1396046_10151983467212640_1412872372_nFinal in the series: Gratitude for the Journey of Addiction 

A mom wrote, My son has been sober for almost two years. We are grateful for this victory, but I am also grateful for the difficult journey. I know this sounds crazy, but I would not have the relationship with my son that I have today if we had not traveled that long and challenging road together. It was not easy. At times, I thought I would fade away.

I am beginning to reclaim my life. And so is my son. It is not easy. For me, it means confronting a lot of grief, but I know I must go through this to be whole again.

Our son began his freshman year of college in August. So far so good. He is proclaiming his recovery in a mighty way. I know that the bumps may come, and I struggle with this; however, I am learning to let him live his own life.

A mom wrote, I remember the first time I was able to say honestly in an Al-Anon meeting that I was grateful for my son’s addiction, and I still today believe it with my whole heart. Although at times I am tempted to wish the dreams I had for my son (in this order: college, good job, marriage, children) had happened, I know that I wouldn’t trade the young man he is today for any “normal” 23 year old, who followed the “expected” path.

Today’s Promise to Consider: Thank you to all who share their stories of hope and strength. We join hands to bring addiction out of the darkness and into the light. We’ll keep reaching out to help another. We’ll stay in gratitude.



Her son sent this photo during his morning shift at work

One Mother’s Story:  An Angel in the Making

A treasured friend once said, “Addicts are angels in the making.”  Six years ago I never would have believed that. Today I am watching a miracle unfold.

When my son was a senior in high school, I shrugged off his failing interest in class to senioritis. After all, he had been accepted into a major university honors program for that fall. So why worry?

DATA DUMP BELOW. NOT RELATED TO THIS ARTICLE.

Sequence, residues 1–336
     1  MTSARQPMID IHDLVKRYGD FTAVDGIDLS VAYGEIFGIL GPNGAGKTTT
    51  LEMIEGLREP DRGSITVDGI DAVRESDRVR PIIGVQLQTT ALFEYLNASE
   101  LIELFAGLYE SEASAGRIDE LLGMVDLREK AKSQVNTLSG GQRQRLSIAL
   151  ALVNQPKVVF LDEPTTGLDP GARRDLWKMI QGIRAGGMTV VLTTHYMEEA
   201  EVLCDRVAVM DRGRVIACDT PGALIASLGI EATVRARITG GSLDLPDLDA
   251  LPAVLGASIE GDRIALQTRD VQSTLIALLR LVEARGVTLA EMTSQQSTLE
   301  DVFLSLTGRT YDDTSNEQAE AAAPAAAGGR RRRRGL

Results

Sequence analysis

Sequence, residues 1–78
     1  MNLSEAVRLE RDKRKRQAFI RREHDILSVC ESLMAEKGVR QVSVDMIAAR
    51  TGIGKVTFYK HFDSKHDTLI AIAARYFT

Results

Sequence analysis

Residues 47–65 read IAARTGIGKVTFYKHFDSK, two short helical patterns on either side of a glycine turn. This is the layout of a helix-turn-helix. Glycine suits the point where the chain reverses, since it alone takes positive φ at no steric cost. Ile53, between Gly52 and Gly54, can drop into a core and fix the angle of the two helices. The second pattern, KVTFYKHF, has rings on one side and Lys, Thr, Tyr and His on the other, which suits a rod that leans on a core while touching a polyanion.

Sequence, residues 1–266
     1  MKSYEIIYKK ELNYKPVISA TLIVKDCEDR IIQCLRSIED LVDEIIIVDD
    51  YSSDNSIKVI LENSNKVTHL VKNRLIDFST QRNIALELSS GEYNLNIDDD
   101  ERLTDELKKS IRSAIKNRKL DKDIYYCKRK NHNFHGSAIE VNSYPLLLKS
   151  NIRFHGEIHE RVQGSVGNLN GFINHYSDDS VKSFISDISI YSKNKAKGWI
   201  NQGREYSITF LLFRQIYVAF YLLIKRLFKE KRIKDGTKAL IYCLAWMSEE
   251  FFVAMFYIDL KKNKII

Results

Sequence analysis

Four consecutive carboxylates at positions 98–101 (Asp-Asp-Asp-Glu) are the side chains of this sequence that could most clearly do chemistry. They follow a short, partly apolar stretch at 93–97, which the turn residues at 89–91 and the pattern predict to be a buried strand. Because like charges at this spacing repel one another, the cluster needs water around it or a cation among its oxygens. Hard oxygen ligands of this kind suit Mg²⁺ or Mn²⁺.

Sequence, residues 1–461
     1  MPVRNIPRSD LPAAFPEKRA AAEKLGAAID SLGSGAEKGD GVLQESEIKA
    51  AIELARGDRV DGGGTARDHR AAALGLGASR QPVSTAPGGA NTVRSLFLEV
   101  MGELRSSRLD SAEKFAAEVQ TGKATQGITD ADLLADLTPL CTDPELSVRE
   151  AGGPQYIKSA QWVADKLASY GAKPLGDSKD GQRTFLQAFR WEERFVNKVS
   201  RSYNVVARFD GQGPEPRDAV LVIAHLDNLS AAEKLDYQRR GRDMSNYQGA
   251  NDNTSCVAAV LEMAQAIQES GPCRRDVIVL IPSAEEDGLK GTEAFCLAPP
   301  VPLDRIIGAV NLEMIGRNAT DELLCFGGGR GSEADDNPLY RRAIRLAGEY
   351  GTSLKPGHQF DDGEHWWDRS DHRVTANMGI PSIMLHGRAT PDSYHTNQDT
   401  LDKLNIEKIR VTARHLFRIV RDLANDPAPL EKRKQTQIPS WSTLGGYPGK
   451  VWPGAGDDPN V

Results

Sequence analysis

Then one evening his favorite teacher phoned. My son’s friends were worried he was in the wrong crowd and smoking marijuana.

And so, the spiral began. An “innocent” experiment with marijuana erupted into a full blown addiction to prescription painkillers, heroin and other drugs. Freshman year he failed college and moved home. Working part-time and attending our local community college barely masked his growing sickness. Finally, faced with the choice of inpatient rehab or our turning him out on the streets, (where we got the courage to take that stand I’ll never know) he agreed to inpatient rehab.

Thirteen days into the program he was kicked out for using. Clearly, he wasn’t ready to stop. He agreed to another facility where he learned some coping skills. Next stop: a halfway house in Florida. It took another full year and a fresh, 105-day program before sobriety and recovery took hold.

As we know, addiction is a family disease. Once our son entered his first rehab program, a family therapist asked me, “Your son is getting treatment.  What are you going to do for yourselves?” Al-Anon became our answer. I soon found a group with parents suffering the same anguish. My husband attended with me and we quickly became regulars.

Al Anon saved our lives – just as the 12-step program and his own spiritual awakening saved our son. Today, he’s been clean 21 months – a miracle considering where he was. Each day is cause for celebration. There are mornings I ooze gratitude. Our son is not just “clean.” He’s rebuilding his life. Active in his own home group, attending meetings regularly, he also sponsors others. He works two jobs and this semester is trying school again at a local community college.

But what’s best is having him back in our lives. We talk about addiction. We swap stories about our groups and our shared progress. He offers encouragement – to us!!  And he offers to talk with anyone who is suffering.

Today, I am so grateful. And today is all we have.

Sometimes, when my son works the morning shift at his hotel, he texts me a picture of the sunrise over the ocean. I cry for the beauty he sees and for the man he is becoming. An angel in the making.

Today’s Promise to Consider: This is one mother’s story. We join together to share our experience, strength and hope. We bring addiction out of the darkness and share our truths.





keren-su-man-rowing-his-bamboo-boat-in-a-snow-storm-shaoxing-chinaOne mother’s story: The Chaos of Addiction